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Oil prices sink as Fed meeting looms, M.East fears on backburner Oil prices fell in Asian trade on Monday, reversing a bulk of gains made in the prior session as anticipation of a Federal Reserve meeting and key economic readings this week spurred some profit-taking.

Traders remained watchful of the Israel-Hamas war, after Israel over the weekend launched a ground assault on Gaza. But signs of no immediate escalation in the war, as well as few actual disruptions to Middle Eastern oil supply kept concerns over the conflict somewhat limited.

Fears that the Israel-Hamas war could disrupt oil supplies in the region had been a major boost to prices earlier in October, although traders struggled to gauge what the actual impact of the war will be. This kept crude markets largely volatile, with Brent constantly toying with the $90 a barrel level in recent sessions.

Brent oil futures fell 0.6% to $88.74 a barrel, while West Texas Intermediate crude futures fell 0.7% to $84.94 a barrel by 21:12 ET (01:12 GMT). Both contracts lost about 3% last week.

Fed meeting, China PMIs a key point of focus this week

Oil markets were largely on edge before a Federal Reserve meeting this Wednesday, with any hawkish signals from the central bank presenting more headwinds for crude demand.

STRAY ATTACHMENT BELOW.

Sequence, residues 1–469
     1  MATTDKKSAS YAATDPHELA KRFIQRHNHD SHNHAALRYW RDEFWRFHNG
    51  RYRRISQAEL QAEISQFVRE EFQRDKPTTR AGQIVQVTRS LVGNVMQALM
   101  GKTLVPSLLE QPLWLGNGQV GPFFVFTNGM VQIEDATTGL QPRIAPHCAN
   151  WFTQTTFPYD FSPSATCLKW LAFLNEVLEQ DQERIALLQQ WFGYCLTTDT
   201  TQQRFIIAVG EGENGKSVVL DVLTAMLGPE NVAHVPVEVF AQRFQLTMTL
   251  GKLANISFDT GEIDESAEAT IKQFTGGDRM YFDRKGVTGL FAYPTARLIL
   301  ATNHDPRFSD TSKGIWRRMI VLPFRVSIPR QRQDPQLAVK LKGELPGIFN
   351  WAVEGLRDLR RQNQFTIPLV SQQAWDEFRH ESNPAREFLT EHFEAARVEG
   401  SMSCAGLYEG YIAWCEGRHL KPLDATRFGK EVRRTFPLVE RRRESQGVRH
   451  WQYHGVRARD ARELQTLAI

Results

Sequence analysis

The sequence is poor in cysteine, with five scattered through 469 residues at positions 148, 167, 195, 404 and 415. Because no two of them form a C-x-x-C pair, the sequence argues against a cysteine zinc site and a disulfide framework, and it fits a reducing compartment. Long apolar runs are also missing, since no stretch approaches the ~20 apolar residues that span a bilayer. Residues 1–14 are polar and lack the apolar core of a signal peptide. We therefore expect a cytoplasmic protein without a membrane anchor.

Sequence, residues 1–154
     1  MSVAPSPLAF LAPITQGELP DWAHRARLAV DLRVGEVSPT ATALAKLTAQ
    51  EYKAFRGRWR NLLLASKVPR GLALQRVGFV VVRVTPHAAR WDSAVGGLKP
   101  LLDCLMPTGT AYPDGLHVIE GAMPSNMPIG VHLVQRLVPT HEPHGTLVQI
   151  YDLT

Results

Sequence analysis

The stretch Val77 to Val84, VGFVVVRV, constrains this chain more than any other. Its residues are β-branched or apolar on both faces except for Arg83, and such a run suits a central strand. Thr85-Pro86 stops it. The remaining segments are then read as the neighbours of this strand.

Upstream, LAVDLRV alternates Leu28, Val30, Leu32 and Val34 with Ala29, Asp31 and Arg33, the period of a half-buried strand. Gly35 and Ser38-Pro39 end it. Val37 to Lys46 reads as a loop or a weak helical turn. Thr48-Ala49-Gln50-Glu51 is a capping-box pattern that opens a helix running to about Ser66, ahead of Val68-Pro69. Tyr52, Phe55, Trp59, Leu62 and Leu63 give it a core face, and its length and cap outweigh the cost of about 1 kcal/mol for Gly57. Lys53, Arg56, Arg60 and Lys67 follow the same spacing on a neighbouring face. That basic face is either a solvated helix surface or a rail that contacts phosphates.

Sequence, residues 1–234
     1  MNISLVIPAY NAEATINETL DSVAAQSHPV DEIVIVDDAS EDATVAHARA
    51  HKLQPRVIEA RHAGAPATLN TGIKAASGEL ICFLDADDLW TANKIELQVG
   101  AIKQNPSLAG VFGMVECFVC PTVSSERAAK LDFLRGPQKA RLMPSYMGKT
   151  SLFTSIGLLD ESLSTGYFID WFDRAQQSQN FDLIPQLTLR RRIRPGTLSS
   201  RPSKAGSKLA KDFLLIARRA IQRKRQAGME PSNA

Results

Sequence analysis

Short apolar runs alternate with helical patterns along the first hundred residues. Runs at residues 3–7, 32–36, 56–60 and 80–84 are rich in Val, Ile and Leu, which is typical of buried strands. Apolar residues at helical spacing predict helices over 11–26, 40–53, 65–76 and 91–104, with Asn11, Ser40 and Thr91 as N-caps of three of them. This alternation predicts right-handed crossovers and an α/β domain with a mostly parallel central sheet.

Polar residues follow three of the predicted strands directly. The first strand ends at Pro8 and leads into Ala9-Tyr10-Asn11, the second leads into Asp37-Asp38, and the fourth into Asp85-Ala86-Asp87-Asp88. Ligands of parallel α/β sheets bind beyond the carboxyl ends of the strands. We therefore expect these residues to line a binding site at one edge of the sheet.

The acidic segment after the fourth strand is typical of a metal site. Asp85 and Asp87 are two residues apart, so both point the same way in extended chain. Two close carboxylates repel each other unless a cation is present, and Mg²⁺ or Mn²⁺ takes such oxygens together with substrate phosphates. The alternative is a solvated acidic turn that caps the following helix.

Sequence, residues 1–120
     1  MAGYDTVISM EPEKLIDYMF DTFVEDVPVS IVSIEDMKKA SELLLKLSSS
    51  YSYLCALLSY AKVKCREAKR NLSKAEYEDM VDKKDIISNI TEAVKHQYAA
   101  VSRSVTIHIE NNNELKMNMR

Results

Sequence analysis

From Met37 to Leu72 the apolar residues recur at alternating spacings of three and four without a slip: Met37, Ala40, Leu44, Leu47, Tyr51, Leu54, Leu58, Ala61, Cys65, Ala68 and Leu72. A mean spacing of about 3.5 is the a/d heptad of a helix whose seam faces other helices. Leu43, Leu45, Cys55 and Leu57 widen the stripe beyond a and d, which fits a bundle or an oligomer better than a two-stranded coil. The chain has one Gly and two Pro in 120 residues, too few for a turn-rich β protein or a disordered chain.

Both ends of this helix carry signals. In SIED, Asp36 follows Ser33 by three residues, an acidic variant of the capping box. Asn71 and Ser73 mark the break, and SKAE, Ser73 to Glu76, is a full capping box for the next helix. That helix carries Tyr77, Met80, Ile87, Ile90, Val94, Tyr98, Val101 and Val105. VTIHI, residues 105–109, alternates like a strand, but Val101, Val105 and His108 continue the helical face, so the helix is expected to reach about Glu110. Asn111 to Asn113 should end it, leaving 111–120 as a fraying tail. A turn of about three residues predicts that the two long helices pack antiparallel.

Fears of higher-for-longer U.S. interest rates weighed on oil prices in recent months, somewhat offsetting a boost from tighter supplies. While U.S. fuel demand has remained steady despite higher rates, traders fear that this could change in the coming months.

The Fed is widely expected to keep rates on hold this week. But officials have still kept the door open for one more rate hike this year, especially following several hotter-than-expected inflation readings.

The dollar steadied on Monday, retaining recent gains and also keeping some pressure on oil prices.

But before the Fed meeting, markets are also awaiting key purchasing managers index data from China, which is set to shed more light on business activity in the world’s biggest oil importer.

China’s economy has shown some signs of stabilizing in recent months after seeing a sharp decline in growth this year. The country’s aviation regulator recently said it will increase domestic flights to 34% above pre-pandemic levels- a positive sign for oil demand, although air travel still makes up a small portion of the China’s overall fuel consumption.

The Bank of Japan is also set to meet on Tuesday, with traders pricing in a potential policy shift in the bank as it grapples with rising inflation.

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